The goal of mistake-proofing or Poka Yoke is simple: to eliminate mistakes. Originally called ‘fool proofing’” in Japan, and later changed to ‘mistake proofing’ and ‘fail safe-ing’ so employees weren’t offended, poka yoke (pronounced “poh-kah yoh-kay”) translates into English as to avoid (yokeru) inadvertent errors (poka). The method uses small devices to either detect or prevent human error defects from occurring.

Current Methods of Human Error Detection

One branch of human error management strategy finds an error after it is made. Human errors are not stopped, but they are detected after they occur. The most common methods to detect human error are:

  1. Inspect and Check: Test samples against a standard for non-conformances.
  2. Work Process Audit: Inspect a work process and get information to better control the process (a feedback loop)
  3. Point-of-Origin Inspection: Assess the conditions are right for error-free outcomes before starting. Use the Poka Yoke concept of applying low cost devices and visual indicators to spot mistakes as the work progresses.

Current Methods of Human Error Prevention

The second type of human error management prevents human error. It recognises the effect of human factors and requires designing a system-of-work to remove or reduce the opportunity to make a mistake. Standard Operating Procedures, Fatigue Management, workplace ergonomics and Safety Management are examples of error prevention and mistake proofing practices and methods to help human do great work.

Human Factors Based Error Prevention and Mistake Proofing Solutions

In order to eliminate mistakes, we need to modify work processes so that it is impossible to make mistakes. This necessitates the inclusion of error prevention and mistake proofing in job design. With mistake-proofing solutions, many repetitive tasks that depend upon the memory of the worker are built into the work process itself. Mistake-proofing frees the time and minds of the workforce to pursue more creative and value-adding activities. Workers know they will still do the task accurately because that is the way the system-of-work was designed. Mistake-proofing also involves a change in the norms of the organisation. Organisations must establish a mistake-proofing mindset that promotes the belief that it is unacceptable to allow even a small number of product or work defects.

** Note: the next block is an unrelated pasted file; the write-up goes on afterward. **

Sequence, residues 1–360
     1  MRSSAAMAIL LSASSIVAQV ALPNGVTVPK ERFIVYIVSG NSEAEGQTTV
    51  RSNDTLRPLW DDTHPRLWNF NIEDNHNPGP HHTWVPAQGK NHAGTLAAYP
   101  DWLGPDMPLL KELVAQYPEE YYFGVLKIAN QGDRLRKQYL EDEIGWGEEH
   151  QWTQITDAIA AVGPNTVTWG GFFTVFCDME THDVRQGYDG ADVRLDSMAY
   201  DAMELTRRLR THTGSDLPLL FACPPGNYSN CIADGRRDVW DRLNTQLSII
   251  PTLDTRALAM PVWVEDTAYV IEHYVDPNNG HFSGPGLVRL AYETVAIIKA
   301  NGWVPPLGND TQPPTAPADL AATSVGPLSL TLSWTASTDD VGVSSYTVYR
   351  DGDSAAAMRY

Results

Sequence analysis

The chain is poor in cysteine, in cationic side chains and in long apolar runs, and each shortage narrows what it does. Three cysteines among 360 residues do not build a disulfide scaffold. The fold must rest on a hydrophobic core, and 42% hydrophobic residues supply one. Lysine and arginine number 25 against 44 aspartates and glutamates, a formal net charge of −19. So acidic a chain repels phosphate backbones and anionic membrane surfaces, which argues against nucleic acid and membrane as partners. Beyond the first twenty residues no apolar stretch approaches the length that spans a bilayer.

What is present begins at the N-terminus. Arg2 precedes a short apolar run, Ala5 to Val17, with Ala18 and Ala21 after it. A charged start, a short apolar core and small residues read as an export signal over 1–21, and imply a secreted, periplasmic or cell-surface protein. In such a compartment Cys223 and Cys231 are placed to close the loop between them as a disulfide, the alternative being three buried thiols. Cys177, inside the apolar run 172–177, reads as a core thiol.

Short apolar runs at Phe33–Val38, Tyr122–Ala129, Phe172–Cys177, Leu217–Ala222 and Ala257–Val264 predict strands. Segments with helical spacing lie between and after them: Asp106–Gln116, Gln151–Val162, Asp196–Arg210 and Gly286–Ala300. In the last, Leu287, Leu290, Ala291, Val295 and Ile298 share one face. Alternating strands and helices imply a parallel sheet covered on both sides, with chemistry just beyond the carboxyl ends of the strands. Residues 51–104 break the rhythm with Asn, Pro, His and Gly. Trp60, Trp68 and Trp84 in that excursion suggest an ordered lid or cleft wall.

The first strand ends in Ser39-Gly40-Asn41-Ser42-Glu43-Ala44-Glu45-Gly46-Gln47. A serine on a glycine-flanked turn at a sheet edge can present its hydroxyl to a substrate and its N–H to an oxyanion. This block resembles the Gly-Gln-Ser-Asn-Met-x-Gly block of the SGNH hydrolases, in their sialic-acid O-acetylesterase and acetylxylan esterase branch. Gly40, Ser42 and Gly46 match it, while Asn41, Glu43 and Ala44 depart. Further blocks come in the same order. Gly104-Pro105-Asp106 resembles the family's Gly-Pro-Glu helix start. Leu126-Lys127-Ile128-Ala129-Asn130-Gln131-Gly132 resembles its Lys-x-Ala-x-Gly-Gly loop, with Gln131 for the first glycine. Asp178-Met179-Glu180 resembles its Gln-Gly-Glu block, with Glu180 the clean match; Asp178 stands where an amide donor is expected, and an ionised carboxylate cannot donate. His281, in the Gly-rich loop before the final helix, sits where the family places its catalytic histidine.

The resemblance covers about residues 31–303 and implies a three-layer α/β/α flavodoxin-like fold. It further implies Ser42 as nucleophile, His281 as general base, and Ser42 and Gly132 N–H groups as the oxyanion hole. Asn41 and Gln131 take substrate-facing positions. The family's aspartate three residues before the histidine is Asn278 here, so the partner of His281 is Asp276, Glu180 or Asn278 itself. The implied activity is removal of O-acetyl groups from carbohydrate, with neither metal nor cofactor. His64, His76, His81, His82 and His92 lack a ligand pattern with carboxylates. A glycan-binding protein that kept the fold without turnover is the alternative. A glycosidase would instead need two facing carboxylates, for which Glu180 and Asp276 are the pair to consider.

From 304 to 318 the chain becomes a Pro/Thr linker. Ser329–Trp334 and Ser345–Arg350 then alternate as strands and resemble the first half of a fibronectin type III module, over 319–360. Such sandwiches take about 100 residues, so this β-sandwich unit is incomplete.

Experience and research has taught us that you need to apply human factors thinking to your work environment. Errors are inevitable – even for you! There are situations that can increase the likelihood of error and we need to recognize them for safety sake and for the success of the workplace. Close attention to human factors principles can lead to a reduction in error, or its consequences.

Human factors engineering is about designing the workplace and the equipment in it to accommodate for limitations of human performance. Add error prevention and mistake proofing into your work methods and you will help your people to:

  1. Avoid reliance on memory
  2. Make things visible
  3. Review and simplify processes
  4. Standardize common processes and procedures
  5. Routinely use checklists
  6. Decrease the reliance on vigilance

The best part of implementing human error prevention and doing mistake-proofing is that learning is never over. Continuous improvement through human factors analysis becomes an essential part in your safety and reliability plans to catch new opportunities for error proofing your workplace. Human factors analysis methods quickly identify the human error risks in your work processes. They spot the potential mistakes and errors in a job and design human factor solution that prevent the problems in the first place so you get right-first-time work.


Author: Mike Sondalini